By Erik Kirschbaum
"There's no way that the plan has been taken off the table," Merkel said, referring to the announcement on Thursday by Finance Minister Wolfgang Schaeuble and Economy Minister Philipp Roesler to cut taxes in 2013.
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Without the support of the CSU, which shares power with Merkel's Christian Democrats (CDU) and Roesler's Free Democrats (FDP), the tax cut proposal has no chance of succeeding.
CSU leader Horst Seehofer has rejected the tax cut plan.
The three party leaders met in Berlin on Friday evening to try to iron out their differences but failed to reach an agreement -- other than postponing a decision until November 6.
There were also conflicting reports on Saturday about what happened at the meeting as leaked to Reuters and other news outlets.
In an unprecedented move, Roesler even retracted a comment he made in a newspaper interview with Bild am Sonntag to be published on Sunday. An advance of the interview was released on Saturday.
At first Roesler said Merkel "accepted the blame for the blunder about the coordination with Seehofer." But Bild am Sonntag later said Roesler had withdrawn the word "blunder" and replaced it with "misunderstanding."
Even though the amount in question -- 6 or 7 billion euros in 2013 -- is relatively small compared with the sums at stake in the euro zone rescue, media latched onto the unusually public row as a sign of the coalition's demise amid sagging support.
Sources close to Merkel dismissed on Saturday reports she had apologized to Seehofer that emerged from CSU and FDP camps for not informing him of the Schaeuble/Roesler tax cut plan.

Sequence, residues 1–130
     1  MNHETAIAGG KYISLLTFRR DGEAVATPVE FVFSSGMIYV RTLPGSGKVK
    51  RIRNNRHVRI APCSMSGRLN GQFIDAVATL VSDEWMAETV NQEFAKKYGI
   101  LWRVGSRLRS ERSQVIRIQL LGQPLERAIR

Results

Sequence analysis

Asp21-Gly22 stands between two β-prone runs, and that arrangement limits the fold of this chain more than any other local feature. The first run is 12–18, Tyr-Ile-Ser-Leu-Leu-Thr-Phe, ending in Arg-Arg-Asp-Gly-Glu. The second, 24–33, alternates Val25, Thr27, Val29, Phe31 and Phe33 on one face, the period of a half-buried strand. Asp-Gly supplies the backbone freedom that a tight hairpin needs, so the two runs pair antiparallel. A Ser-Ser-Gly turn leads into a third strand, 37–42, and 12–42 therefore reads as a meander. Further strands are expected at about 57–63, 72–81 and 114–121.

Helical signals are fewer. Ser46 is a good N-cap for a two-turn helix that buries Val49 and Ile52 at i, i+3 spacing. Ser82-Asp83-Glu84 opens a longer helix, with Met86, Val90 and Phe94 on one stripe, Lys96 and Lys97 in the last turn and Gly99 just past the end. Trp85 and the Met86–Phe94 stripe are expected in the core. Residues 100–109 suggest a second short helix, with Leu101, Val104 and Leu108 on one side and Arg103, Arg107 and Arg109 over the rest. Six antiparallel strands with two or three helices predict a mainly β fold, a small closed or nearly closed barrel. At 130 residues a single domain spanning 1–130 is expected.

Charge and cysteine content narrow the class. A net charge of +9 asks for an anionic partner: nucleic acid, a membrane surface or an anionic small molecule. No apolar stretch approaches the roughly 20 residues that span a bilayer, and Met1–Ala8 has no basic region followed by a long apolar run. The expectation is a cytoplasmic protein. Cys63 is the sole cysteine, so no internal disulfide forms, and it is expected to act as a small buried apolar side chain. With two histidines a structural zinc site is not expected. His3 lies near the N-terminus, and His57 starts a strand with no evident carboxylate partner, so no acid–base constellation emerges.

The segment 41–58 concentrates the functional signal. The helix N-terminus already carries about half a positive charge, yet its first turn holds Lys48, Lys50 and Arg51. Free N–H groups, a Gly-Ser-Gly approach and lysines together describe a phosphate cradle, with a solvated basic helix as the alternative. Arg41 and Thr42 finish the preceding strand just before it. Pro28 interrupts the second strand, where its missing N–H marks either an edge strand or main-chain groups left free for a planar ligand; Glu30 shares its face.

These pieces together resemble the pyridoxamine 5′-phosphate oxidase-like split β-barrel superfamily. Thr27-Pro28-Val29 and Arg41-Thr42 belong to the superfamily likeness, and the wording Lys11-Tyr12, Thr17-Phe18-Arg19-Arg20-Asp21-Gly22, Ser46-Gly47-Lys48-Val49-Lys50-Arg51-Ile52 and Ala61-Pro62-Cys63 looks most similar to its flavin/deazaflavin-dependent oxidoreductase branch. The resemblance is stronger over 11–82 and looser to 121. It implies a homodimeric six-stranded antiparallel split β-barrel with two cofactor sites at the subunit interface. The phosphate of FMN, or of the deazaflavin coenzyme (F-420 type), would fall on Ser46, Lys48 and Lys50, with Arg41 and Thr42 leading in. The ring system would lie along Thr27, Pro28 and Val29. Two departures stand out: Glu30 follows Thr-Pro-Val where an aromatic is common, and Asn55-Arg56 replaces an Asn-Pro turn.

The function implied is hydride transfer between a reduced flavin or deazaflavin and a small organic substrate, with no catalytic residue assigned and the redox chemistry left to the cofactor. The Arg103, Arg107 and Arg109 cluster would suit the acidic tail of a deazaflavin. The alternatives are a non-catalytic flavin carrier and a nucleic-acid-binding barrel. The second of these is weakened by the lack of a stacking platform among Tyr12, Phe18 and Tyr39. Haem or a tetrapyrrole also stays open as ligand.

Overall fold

"There was no 'blunder' and there was no apology," one source told Reuters. The tax cut proposal announced by Schaeuble and Roesler was a conscience move "to open the door for a broader discussion about tax cuts for the public."
Seehofer was annoyed and only learned of their foray on tax cuts from media reports. "It doesn't work like that, presenting facts in the public and expecting us to rubber stamp them," Seehofer said. "That's just not on."
After long opposing tax cuts demanded by Roesler's FDP, Schaeuble appeared at the Economy Minister's side to announce the 6- billion to 7-billion euro tax cuts in 2013. German media speculated that Schaeuble had caved in to win their backing for measures to bolster the euro zone rescue fund.
Schaeuble and Roesler want to cut taxes by reducing the so-called "cold progression," or "bracket creep," in Germany's tax code that generates billions of euros in revenues for the treasury because tax brackets are not adjusted for inflation.
The system has not been changed since 1958 and the state took in an extra 76 billion euros from 2005 to 2010. It has been
taking in about 22 billion euros a year from 2010.
But Seehofer and his Bavarian CSU oppose those plans, saying there are other ways to reduce revenue that would not require approval from the upper house, or Bundesrat, where the center-right coalition has no majority.
The opposition SPD, who rule the key states of North Rhine-Westphalia and Baden-Wuerttemberg, have already said the Roesler/Schaeuble tax cut plan has no chance.
(Reporting By Erik Kirschbaum; Editing by Myra MacDonald)